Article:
Global Economy –Rundown:
The United Kingdom, as decided to thrown caution to the wind as regards, post-transition trade agreement with the European Union, as the former is seeking ascent to a bills to be legislated that will empower it not to request for ratification from EU as regards state aid involving the trade of goods between Northern Ireland and the rest of EU, the bill also seeks that Northern Irish firms complete export declarations when shipping goods to the mainland, this bill is referred to as the internal Markel bills, whose content is in contrary to the Brexit divorce deal reached with EU in January, which could break international laws and jeopardize trade deal with the EU and the U.S. Therefore in event that a trade deal is not achieved by year-end between the United Kingdom and the European Union, this implies that trade relationship between both parties will be guided by World Trade Organization rules.
Domestic Economy –Rundown:
Nigeria’s Debt stock as of half-year firmed up to N31.01Trillion from N28.63 Trillion debt position as at first quarter of the year, representing an 8.31% growth, this increase was spurred by the required contingent activities that necessitated a budget support loan from International Monetary Fund, as well as additional provisions enumerated in the revised 2020 appropriation act, given the depressed government budgeted revenue for the current fiscal year, on the hills of declining Oil revenue, as global demand shrank. The debt stock of the country for the next half of the year is expected to increase, as government seek to raise further debt from multilateral Institutions. The inverse pull through effect of increasing debt stock, given a decline in government revenue generation, which will result in a pen-up debt repayment stress, and a subdued future economic growth.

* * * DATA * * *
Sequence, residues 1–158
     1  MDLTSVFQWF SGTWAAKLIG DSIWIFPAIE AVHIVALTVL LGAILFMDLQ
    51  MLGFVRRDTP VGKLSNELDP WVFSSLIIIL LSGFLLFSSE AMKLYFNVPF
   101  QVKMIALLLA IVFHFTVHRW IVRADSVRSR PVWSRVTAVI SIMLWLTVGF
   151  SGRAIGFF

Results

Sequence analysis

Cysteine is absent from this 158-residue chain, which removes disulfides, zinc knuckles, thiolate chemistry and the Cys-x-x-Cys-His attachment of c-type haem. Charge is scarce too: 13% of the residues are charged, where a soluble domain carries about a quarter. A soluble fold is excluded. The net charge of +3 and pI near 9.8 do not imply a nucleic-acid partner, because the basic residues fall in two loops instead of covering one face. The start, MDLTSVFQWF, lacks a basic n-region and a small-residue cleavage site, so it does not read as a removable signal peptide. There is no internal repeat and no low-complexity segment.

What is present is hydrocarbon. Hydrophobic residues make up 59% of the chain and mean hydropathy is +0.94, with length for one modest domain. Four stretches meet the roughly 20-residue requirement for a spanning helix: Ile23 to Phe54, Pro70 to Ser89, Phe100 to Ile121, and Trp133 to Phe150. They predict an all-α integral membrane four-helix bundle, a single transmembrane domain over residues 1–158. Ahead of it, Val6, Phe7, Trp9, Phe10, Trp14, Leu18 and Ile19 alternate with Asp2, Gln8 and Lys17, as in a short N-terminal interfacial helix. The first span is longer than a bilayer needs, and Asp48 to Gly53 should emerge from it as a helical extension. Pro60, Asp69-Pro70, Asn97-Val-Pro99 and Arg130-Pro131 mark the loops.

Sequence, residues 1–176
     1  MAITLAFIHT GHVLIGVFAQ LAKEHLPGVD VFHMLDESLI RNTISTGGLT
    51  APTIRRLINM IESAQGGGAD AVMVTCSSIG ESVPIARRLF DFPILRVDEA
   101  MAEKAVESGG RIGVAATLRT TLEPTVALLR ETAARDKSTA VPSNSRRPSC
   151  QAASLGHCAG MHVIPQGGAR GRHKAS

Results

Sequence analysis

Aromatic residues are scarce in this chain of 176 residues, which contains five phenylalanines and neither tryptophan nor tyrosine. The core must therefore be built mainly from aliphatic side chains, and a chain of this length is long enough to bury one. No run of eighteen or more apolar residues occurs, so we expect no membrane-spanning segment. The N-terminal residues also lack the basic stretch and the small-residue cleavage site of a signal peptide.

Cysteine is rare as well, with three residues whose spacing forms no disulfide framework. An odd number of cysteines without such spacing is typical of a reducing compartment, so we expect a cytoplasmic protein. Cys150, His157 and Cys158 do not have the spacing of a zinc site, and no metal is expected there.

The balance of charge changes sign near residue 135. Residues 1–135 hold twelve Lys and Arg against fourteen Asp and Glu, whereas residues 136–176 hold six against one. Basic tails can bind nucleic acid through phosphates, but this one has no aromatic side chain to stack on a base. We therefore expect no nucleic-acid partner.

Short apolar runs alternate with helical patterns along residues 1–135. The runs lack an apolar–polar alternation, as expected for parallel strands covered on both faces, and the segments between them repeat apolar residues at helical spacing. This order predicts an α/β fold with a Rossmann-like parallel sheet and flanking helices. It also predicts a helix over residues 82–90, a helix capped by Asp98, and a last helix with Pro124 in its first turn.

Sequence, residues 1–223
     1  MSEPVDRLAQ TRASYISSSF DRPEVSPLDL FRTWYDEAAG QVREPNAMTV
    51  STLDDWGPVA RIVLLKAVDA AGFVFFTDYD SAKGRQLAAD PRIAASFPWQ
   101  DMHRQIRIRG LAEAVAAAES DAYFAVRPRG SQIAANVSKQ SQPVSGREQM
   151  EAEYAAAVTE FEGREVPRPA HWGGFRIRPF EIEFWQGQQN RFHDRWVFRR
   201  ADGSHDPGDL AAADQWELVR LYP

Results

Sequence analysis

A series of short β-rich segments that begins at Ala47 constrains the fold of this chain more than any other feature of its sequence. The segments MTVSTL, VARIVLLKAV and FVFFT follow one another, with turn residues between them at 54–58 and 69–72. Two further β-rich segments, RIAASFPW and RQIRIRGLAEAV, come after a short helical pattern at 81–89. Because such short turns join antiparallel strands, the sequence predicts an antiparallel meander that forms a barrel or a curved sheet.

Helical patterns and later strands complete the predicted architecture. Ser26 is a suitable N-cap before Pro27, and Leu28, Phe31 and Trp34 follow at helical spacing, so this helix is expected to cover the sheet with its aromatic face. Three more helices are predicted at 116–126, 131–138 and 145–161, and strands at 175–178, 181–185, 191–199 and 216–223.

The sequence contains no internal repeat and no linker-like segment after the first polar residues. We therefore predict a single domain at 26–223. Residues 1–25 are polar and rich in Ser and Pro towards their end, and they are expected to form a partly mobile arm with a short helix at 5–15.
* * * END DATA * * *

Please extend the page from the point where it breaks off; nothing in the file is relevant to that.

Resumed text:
The Naira closed the week with a marginal appreciation, as the exchange rate at the I&E FX window settled at N386.00/USD, while at the parallel market, Naira was dipped to N455/USD.
The equities market was bearish for the week, as the week-on-week performance indicated a 0.05% contraction, while the YTD ASI growth was a negative growth of 4.66%. The sector performance of the NSE indices was also bearish for the week, as the average change of the NSE Indices was 0.90%, based on the indices monitored.
The system liquidity at the end of the week was N632.0BN, and the open buyback rate and overnight rates for the week inched up to 14.50% and 16.50% respectively.
T-Bills secondary market activities were bullish as average yield dipped by 6bps to 1.36% for the week, most yields declined occurred within the medium-long end of the yield curve.
The Bond secondary market, activities were mainly bullish, as the average yield for the week dipped by 62bps to 7.90%, as most yield decline was recorded across all the maturity structure.